Ukrainians, Russians arriving at Mexico border to enter the U.S.

Ukrainian refugees
Photo credit Getty Images
By , KNX News 97.1 FM

LOS ANGELES (KNX) — The number of Russian and Ukrainian people arriving at the United States-Mexico border is increasing, as people from both countries seek to enter the U.S. as the invasion of Ukraine continues.

“We know that we’ve seen increases in Ukrainians, and Russians as well, in fiscal year 2021 and the first five months of fiscal year 2022,” Jessica Bolter, an associate policy analyst with the U.S. Immigration Policy Program at the Migration Policy Institute, told KNX.

Bolter explained that the fiscal year is October through February and said, so far, March data is not available. However, she said, those numbers are where we’d be able to see the effects of the Russian invasion of Ukraine.

Early into the pandemic, Title 42 was put in place to prevent asylum seekers from bringing COVID-19 into the U.S., and gave border patrol agents the right to “immediately expel migrants without providing them access to asylum” Bolter said.

However, that order seems not to be put into effect when it comes to many from Ukraine who are arriving at the U.S.-Mexico border — whether it's "fair" or not.

“We’ve seen in recent weeks that border patrol has started to put in place an exception — largely for Ukrainians — and has been allowing them access to the asylum system when they show up at ports of entry along the border,” she said. “Even though they’re still not allowing access to asylum for people who are coming from most other countries.”

Bolter said “humanitarian exceptions” are made on a case-by-case basis and she believes that “theoretically,” Russians who fear returning to Russia because they don’t believe in what President Vladimir Putin is doing, or maybe have spoken out against the war, should also be let through as the crisis continues.

“I think that the fact that Russians who are fleeing persecution for objecting to the same concept that the Ukrainians are fleeing…and they still can't ask for asylum…really makes the [randomness] of this policy in place at the border crystal clear,” she said.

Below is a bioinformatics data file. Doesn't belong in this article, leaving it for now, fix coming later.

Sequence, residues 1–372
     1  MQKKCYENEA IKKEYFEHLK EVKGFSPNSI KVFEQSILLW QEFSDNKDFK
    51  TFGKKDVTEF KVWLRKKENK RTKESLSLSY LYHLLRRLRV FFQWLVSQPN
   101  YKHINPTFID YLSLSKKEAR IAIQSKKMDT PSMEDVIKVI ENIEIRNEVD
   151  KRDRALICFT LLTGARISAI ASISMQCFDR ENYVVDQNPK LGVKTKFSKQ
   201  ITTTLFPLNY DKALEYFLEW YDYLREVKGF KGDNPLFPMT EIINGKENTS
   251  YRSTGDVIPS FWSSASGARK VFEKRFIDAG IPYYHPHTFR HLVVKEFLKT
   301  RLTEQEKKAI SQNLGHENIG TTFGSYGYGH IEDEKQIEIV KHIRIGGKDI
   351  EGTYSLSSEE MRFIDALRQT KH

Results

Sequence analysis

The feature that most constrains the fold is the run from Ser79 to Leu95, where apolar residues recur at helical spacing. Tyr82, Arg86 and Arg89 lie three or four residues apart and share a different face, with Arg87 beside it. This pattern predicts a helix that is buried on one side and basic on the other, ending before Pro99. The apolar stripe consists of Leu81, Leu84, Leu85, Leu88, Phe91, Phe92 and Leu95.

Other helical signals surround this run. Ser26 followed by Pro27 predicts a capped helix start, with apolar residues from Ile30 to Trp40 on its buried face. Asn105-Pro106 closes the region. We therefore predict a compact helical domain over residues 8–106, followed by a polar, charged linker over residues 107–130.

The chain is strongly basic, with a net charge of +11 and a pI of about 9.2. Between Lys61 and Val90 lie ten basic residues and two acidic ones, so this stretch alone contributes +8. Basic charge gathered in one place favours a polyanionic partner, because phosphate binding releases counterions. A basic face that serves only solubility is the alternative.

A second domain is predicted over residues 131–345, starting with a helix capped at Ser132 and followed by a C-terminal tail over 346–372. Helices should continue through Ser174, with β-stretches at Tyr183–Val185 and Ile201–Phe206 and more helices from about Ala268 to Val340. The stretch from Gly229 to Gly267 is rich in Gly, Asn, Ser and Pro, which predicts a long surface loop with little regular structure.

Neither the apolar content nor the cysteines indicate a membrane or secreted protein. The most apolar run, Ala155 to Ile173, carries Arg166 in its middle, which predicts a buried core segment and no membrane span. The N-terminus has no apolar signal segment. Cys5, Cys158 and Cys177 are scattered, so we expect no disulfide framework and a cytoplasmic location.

“But at the same time there are plenty of Central Americans, Nicaraguans, Venezuelans...who are fleeing persecution who also haven’t been able to enter at these ports of entry since March 2020.”

Why are Ukrainians and Russians entering via Mexico?
The biggest question at the center of the border issue is, why are Ukrainians and Russians choosing to enter the U.S. via Mexico? Bolter said the answer is pretty simple — the process to enter Mexico is much less extensive.

Mexico would only require passport and flight information to enter the country, but the U.S. wants proof that the person intends to eventually leave.

“It has become much harder for anyone from these countries to get any kind of tourist visas or any non-permanent visa because in order to get a tourist visa they essentially have to prove that they intend to go back to their home country…and that’s very difficult for Ukrainians to do at this point,” Bolter said.

“So in the absence of pathways to come into the U.S. Many nave turned to Mexico instead.”

A person from Ukraine (L) holds their passport while waiting near a U.S. Customs and Border Protection officer before being allowed to cross the San Ysidro Port of Entry into the United States to seek asylum on March 22, 2022 in Tijuana, Mexico. U.S. authorities have recently been allowing Ukrainian refugees to enter the U.S. at the Southern border in Tijuana with permission to remain in the U.S. on humanitarian parole for one year.
A person from Ukraine (L) holds their passport while waiting near a U.S. Customs and Border Protection officer before being allowed to cross the San Ysidro Port of Entry into the United States to seek asylum on March 22, 2022 in Tijuana, Mexico. U.S. authorities have recently been allowing Ukrainian refugees to enter the U.S. at the Southern border in Tijuana with permission to remain in the U.S. on humanitarian parole for one year. Photo credit Mario Tama, Getty Images

LISTEN on the Audacy App
Sign up and follow Audacy
Facebook | Twitter | Instagram

Featured Image Photo Credit: Mario Tama/Getty Images